Both offer woven Kevlar damping at the core for additional strength and insulated strands to reduce resistance. However, their Type 4 Litz structures are different. The Athena uses a traditional Type 4 Litz build whereas the triple blend of materials on the Zeus is designed with their new Satin Special Structures II geometry.
The Zeus is smaller and easier to manage in terms of comfort and handling. However, I think both have their plus points when it comes to design and finishing.
The gold hue on the Zeus is quite attractive but it is also a little subdued compared to the fizz of the chrome and silver aesthetic of the Athena. Granted, a thicker 8-wire always comes off better for looks because there is more of it, but it is really the chrome barrel finishing that pushes it to the next level.
The use of regular gunmetal and carbon fiber feels like a step back though I do appreciate the aluminum chin cinch compared to the plastics of the Athena version. I suspect those who want their cable a little more “organic” or subtle in their finish will prefer the look of the Zeus also.
However, with that size comes bigger barrels and more weight on the Athena which for some will be a deal-breaker. The Zeus’s move to 24AWG allows them to work a smaller form factor 4-wire very efficiently to suit those who like something lighter for glasses use or more pocketable.
The addition of the Tellurium connectors and palladium-plated jacks are also a plus point for the Zeus in terms of longevity and performance.
First, the dynamic range. I do think the Athena 8-wire is marginally louder on the same pairing and source setup but the dynamic range is better on the Zeus. The Athena can and does sound big, it has plenty of body and warmth on the low-end. However, it also carries a shade more bloom and sounds the slightly softer of the two presentations.
That means the Zeus delivers a bit more high-frequency resolution and articulation compared to the Athena. The timbre is more accurate as a result, not as liquid but definitely the airier of the two. You could argue it is the more “expressive” of the two cables, especially so for upper mids and lower treble on the tia Trio where I feel the Zeus has more ‘airy energy’.
For example, I was working a finger click passage around 3 minutes into Katy Perry’s ‘Swish Swish’ track, and with the Zeus, it was snappy, clean, and precise. With the Athena, it was smooth and liquid-like maybe fuller-sounding but also a shade flatter and less energetic.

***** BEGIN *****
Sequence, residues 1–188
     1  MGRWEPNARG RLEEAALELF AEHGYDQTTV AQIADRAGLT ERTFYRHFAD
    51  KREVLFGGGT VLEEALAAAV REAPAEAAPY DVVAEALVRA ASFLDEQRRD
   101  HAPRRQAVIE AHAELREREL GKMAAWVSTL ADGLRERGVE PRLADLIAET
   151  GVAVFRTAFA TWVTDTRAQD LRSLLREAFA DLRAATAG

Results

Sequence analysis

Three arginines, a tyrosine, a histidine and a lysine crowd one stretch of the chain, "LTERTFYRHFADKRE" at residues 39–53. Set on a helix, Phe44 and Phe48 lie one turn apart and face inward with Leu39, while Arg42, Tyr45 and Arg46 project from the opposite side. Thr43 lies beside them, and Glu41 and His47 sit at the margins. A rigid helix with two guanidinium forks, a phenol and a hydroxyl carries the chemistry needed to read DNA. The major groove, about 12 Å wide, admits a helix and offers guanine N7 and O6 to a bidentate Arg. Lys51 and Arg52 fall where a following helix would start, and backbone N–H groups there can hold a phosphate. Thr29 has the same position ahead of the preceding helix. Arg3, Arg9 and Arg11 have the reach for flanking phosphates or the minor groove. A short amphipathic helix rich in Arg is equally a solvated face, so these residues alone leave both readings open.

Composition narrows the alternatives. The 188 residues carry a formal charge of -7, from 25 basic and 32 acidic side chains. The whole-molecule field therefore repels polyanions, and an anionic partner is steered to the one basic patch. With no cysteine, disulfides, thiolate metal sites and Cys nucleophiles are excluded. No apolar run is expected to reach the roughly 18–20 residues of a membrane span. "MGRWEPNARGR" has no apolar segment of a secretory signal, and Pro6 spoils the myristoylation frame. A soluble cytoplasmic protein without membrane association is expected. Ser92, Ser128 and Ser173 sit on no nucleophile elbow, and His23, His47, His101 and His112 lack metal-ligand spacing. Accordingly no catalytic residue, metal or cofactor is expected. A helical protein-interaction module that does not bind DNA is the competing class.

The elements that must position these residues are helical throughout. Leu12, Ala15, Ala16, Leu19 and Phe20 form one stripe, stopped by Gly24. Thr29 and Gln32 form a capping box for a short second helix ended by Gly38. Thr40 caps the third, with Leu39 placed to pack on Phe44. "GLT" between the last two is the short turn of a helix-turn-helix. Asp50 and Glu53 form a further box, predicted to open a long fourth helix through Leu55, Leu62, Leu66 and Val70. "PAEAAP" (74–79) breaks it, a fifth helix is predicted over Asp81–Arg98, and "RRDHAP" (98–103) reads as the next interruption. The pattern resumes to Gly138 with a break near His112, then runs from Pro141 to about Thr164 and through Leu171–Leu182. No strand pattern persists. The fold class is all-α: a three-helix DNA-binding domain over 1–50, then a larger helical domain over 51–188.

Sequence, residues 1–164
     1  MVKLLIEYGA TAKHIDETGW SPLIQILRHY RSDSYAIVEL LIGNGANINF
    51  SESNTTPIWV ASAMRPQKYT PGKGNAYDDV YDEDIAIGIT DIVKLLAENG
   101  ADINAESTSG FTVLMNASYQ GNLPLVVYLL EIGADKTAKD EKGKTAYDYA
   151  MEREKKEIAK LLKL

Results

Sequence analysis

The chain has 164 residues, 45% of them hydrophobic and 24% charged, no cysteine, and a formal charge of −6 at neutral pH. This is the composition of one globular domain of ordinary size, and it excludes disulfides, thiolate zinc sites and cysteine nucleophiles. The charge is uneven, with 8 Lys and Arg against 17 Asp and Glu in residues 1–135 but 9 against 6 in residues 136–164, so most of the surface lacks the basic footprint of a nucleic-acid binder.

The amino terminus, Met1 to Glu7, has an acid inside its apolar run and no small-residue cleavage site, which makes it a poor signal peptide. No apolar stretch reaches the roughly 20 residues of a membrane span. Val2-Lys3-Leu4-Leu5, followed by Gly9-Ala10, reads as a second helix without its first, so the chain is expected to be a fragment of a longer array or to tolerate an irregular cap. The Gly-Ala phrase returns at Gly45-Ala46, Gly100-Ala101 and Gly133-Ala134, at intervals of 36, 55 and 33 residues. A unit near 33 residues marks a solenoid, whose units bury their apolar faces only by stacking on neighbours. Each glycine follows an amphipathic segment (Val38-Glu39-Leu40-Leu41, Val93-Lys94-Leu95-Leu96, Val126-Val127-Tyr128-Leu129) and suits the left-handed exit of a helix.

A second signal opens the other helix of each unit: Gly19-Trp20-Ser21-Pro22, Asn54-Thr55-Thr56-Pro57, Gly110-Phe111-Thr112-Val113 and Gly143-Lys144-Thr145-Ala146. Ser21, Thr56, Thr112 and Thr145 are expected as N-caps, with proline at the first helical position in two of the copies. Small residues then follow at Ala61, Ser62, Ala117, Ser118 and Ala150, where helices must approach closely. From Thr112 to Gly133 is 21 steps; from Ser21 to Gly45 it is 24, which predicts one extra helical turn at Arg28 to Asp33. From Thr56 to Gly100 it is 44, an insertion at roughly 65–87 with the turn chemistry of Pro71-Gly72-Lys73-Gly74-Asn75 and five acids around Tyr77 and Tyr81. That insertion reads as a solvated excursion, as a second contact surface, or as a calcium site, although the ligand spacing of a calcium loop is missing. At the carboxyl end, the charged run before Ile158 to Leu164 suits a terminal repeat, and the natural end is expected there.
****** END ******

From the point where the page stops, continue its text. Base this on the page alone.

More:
I also found the instrumental separation on the tia Trio to be superior when paired with the Zeus. The Athena has some excellent body throughout so it sounds full and at times more forward, especially vocals. However, the slightly relaxed top-end combined with the heavier bass bloom on the Trio tends to leave a little less space for the lower-mids and vocals to breathe.
The Zeus pairing sounds tighter on the low-end, punchier also and with less bloom into the mids from the Trio dynamic driver. You get a far better appreciation of the Trio’s bass layering and instrumental clarity as a result.
PLUSSOUND X8 Tri-Silver
The Tri-Silver was really the first big 8-wire triple hybrid material cable we reviewed back at the start of 2019. The combination of raw materials for the wiring is almost the same as the Zeus also with a mix of pure silver, palladium-plated silver, and gold-plated silver. The only difference is that the Zeus uses a silver-gold alloy wiring rather than pure silver.
The geometry and wire gauge on these are also quite different. The Zeus is a bigger 24AWG compared to the 26AWG of the Tri-Silver. However, you can get an 8-wire for the Tri-Silver whereas that option is not available yet for the Zeus.
The Tri-Silver also uses a standard Type 6 Litz geometry which features bundles of type-4 wire twisted around a fiber core compared to type 2 bundles on the Zeus Type 4 core structure. The Zeus does seem to be the more complex application though with its insulated multi-sized stranding 2-layer approach.
I have to be very fair here because PLUSSOUND makes some killer cable designs and the Tri-Silver is one of them. The braiding is so tight, the demanding effect of the PVC jacket makes it virtually noise-free and the clever use of wood in the splitter makes it remarkably light. It looks fantastic.
The Zeus does look a little subdued in comparison with the more traditional carbon fiber printed gunmetal barrels and connectors. However, what it has got going for it, is the size and weight.
Despite being a larger AWG, the 4-wire build is much thinner and more manageable. Not that I think the Tri-Silver is difficult, far from it. Rather, physics is at play here and in favor of the smaller Zeus.
The weight gap is not huge, not like the Code 51 difference. The use of rosewood for the splitter on this sample helps reduce the Tri-Silver weight a lot. However, if you go for an alloy splitter on the Tri-Silver it is going to weight a lot more.
There is just a minor difference in favor of the Tri-Silver in terms of volume which can be adjusted fairly easily to match up. Dynamic range differences are negligible between these two cables.
In terms of how they affect the timbre, the Tri-Silver is brighter, a shade drier with more emphasis on the mids and treble of the tia Trio. The Zeus delivers more bass quantity, a sweeter timbre, and sounds the more planted of the two. You could argue that comparatively speaking the Zeus is also the warmer of the two cables.